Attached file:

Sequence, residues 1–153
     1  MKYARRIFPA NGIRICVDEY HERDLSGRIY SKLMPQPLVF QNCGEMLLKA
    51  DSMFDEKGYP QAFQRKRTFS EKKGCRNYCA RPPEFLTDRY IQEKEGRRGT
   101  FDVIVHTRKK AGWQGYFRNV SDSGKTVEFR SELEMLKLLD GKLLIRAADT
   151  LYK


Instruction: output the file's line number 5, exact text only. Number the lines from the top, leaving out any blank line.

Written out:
   151  LYK